“Landry said you knew the admiral.”
“All our lives.”
“I’m surprised he didn’t make his own arrangements.” She intended to email her parents this evening about the wonderful world of preplanned burial services. It’s your eternity. Be happy in it.
“Don’t think I didn’t suggest it a time or two. But he intended to live forever. We believed him, too. He was more active than people half his age, still sharp as a tack. He was a good man.” DeVille hesitated a moment, then more quietly added, “A tough man.”
Tough. Strict. Rigid. Behaviors that could get a man killed.
Before Alia could say anything else, a woman stuck her head out of the nearest office—the only other sign of life they’d seen since they had walked into the building. “Miss Regina’s on the phone.”
“I have to take this,” DeVille said. “Remind Landry that if he needs anything...”
* * *
Standing beneath a live oak in the garden, hands in pockets, Landry watched Alia burst out of the funeral home as if the building was too small to contain her natural energy. Her gaze went straight to the car, then swept around until it located him, and she angled in his direction.
Instead of watching her approach, he gazed into the fountain and wondered whose job it was to pick out every leaf, pine needle and acorn every single day of the year. Jeremiah had had his own term for such people—the others. In his world, there were people with money, power, social status, and there were the others.
Had it bothered him that his only son was just an other? God, Landry hoped so. The bastard had likely blamed Camilla for it, though maybe, just once in his life, maybe he had considered that it had been his own doing. When you deliberately broke someone, you had to accept some of the responsibility.
Unless you were Admiral Jeremiah Roy Jackson Junior.
Alia came along the path toward him, fingers linked together as if she was enjoying a midmorning stroll. “You do know you just opened your wallet in there and said, ‘Here, take however much you want.’”
He looked up, his brow quirked. “Actually, I opened Scott’s wallet. The expenses will be paid once the estate’s settled. Scott’s covering them until then.”
“I take it you, your sister and your mother are the primary heirs.”
Landry considered moving the conversation to the bench at the base of the tree, but a growl from his stomach sent him back toward the main path. “Probably just Mary Ellen and our mother. The old man liked the idea of disinheritance.”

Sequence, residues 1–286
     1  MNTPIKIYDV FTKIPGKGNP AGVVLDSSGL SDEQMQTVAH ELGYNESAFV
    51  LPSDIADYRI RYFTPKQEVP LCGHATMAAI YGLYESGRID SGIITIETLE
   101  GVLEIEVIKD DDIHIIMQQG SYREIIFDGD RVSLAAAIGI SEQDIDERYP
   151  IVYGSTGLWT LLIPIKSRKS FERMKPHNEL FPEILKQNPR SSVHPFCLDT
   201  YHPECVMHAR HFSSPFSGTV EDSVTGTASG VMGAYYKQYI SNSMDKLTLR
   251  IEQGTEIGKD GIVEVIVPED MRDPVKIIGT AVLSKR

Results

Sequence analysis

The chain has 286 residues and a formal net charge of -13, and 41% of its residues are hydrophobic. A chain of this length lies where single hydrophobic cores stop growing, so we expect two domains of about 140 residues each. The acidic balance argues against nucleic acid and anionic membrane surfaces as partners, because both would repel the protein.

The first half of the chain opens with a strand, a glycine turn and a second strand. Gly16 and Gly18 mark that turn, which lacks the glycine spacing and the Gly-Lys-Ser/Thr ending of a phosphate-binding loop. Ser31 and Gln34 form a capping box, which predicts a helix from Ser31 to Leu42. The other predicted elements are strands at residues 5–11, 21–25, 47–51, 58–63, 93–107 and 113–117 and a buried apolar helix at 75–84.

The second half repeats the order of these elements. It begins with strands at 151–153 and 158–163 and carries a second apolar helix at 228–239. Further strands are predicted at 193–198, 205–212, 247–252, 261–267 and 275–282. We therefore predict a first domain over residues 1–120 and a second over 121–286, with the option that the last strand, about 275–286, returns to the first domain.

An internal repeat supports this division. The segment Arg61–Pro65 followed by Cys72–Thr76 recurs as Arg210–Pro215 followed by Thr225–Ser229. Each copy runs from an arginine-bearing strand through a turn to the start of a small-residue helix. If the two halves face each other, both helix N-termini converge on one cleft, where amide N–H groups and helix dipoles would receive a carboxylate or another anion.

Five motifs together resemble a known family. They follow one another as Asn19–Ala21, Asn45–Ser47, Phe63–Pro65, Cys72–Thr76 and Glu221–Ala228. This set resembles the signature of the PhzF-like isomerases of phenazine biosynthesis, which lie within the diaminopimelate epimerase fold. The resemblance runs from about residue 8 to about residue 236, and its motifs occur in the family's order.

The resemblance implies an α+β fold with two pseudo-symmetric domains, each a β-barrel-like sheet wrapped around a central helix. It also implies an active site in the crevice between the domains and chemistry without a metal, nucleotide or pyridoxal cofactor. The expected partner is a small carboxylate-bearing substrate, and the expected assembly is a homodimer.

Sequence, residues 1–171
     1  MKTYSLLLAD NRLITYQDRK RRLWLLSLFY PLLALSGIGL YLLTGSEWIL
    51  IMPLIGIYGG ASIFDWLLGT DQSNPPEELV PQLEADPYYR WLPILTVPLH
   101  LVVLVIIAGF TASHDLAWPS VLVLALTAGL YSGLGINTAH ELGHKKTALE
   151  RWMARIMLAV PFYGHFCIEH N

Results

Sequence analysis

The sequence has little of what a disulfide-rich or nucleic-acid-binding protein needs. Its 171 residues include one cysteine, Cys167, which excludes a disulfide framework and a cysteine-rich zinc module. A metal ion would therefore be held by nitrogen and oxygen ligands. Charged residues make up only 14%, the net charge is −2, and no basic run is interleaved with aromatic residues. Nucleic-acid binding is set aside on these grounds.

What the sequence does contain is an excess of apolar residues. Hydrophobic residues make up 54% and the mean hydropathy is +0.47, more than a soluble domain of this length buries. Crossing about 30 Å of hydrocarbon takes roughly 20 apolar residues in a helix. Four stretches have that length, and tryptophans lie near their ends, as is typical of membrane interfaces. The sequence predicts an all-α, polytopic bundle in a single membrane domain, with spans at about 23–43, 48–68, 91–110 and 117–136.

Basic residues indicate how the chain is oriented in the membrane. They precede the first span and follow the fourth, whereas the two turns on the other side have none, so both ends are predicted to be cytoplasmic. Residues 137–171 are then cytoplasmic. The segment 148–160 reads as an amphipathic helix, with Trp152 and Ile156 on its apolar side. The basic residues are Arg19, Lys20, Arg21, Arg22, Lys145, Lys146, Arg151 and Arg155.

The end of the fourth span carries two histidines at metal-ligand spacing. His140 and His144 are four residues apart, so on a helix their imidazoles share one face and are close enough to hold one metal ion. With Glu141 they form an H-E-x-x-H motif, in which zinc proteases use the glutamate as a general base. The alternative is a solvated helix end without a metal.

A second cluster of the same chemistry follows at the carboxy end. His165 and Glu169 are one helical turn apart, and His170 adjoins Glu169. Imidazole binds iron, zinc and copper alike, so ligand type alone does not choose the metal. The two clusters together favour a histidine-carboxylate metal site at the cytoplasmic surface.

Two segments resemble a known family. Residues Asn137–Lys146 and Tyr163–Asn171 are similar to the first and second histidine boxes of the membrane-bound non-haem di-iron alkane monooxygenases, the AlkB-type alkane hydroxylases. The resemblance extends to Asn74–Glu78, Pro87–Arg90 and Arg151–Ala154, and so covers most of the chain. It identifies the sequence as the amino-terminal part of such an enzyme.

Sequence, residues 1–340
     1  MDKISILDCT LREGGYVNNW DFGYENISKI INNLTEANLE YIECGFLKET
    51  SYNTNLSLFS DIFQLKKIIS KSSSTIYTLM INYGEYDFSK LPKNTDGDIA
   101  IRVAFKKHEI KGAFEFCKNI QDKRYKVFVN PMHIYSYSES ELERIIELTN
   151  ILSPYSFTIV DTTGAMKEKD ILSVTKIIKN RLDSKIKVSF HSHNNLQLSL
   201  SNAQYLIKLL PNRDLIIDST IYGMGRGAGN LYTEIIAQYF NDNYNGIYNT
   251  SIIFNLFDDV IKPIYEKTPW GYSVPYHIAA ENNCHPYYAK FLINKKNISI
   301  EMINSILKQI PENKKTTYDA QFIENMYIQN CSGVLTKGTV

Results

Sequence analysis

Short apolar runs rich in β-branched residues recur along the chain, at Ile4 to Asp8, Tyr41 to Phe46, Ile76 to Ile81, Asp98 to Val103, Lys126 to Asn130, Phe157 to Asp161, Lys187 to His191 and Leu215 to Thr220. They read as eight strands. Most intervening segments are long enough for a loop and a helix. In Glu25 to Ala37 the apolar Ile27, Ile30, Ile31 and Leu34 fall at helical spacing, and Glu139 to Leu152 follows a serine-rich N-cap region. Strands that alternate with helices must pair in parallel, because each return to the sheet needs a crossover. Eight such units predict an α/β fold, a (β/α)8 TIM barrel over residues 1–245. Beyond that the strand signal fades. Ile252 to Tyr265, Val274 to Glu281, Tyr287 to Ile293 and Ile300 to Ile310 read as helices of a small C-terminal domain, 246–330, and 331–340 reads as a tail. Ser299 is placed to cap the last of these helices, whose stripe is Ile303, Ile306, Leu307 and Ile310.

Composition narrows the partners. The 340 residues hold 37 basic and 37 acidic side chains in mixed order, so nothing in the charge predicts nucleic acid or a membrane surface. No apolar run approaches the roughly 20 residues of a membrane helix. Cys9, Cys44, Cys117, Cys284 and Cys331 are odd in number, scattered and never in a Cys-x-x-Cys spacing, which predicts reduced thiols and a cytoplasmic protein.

“So whatever happened between you was unforgivable enough that he would disinherit you.”
He only shrugged. It could be easy at times to forget who she was and just answer, if he hadn’t spent most of his years keeping his life to himself. Other kids said, When Dad and I... Not him. His best friend from school had thought Jeremiah was dead, had been dead forever. It had puzzled the kid when he found out otherwise, filling him with questions.
“Does the disinheritance possibility bother you?” Alia asked as he opened the passenger door for her.
“Nah, ten million bucks would just make my taxes more difficult.” Could he even live with that money knowing where it came from? How much of it would he have to give to charity to cleanse it enough that he could let himself benefit from the rest?
A whole freaking bunch. Jeremiah had worshipped at the altar of everything wrong and sinful in the world.
“It’s family money,” Alia pointed out as they reached the car. “Not the admiral’s. He was just the steward of it for his generation. You’re as entitled to it as your sister is.”
“Except she didn’t cut him out of the last half of her life. She was a dutiful daughter—visited him regularly, called him Daddy, walked down the aisle on his arm when she married, included him in every part of the girls’ lives.” He truly didn’t understand any of that. Mary Ellen had had as much reason to hate him as Landry, but instead she’d welcomed him into her life. She’d done a lot of forgiving and a whole lot of forgetting.
Landry never forgot a thing.
“I’m going to lunch,” he announced as they settled in the car. “You interested in some good food, or does duty call your name?”
He’d swear her ears pricked at the mention of food. “No, I’ve got to meet Jim—What kind of food?”
“You name it, Huong can make it.”
“Huong?” A glance showed her interest was definitely piqued. “What’s the name of the place?”
“Mama’s Table. Huong took it over when her mama got too old, but Mama Trahn still helps with lunch.”